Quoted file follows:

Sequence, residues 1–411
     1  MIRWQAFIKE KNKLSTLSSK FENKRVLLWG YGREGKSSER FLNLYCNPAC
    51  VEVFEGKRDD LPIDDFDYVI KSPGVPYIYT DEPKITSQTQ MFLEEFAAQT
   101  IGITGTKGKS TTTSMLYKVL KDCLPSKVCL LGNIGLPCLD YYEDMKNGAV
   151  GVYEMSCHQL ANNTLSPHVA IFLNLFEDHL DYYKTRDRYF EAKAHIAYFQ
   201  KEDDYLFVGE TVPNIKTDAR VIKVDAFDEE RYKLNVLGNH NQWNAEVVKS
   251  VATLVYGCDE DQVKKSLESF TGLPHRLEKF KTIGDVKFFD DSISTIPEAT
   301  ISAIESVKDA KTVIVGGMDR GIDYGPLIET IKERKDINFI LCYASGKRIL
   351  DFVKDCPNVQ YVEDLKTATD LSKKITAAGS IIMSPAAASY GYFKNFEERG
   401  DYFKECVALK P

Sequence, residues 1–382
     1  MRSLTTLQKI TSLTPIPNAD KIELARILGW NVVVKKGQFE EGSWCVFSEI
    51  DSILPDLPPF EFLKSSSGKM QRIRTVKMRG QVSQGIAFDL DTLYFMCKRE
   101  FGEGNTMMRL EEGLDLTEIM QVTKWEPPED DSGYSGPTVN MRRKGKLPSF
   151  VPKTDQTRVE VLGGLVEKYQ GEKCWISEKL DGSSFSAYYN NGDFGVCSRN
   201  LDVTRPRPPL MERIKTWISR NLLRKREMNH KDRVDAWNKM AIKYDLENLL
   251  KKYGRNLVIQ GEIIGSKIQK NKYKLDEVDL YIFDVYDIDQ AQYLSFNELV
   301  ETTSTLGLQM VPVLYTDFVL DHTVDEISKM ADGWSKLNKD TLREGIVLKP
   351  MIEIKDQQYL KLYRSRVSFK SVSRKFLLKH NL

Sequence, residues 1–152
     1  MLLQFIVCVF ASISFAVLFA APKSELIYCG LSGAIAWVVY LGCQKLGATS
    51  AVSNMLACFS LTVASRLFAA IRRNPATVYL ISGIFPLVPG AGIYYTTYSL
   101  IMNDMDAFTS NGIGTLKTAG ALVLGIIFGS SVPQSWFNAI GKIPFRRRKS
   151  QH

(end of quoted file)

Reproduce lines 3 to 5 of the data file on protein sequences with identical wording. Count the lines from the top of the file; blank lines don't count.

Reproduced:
    51  VEVFEGKRDD LPIDDFDYVI KSPGVPYIYT DEPKITSQTQ MFLEEFAAQT
   101  IGITGTKGKS TTTSMLYKVL KDCLPSKVCL LGNIGLPCLD YYEDMKNGAV
   151  GVYEMSCHQL ANNTLSPHVA IFLNLFEDHL DYYKTRDRYF EAKAHIAYFQ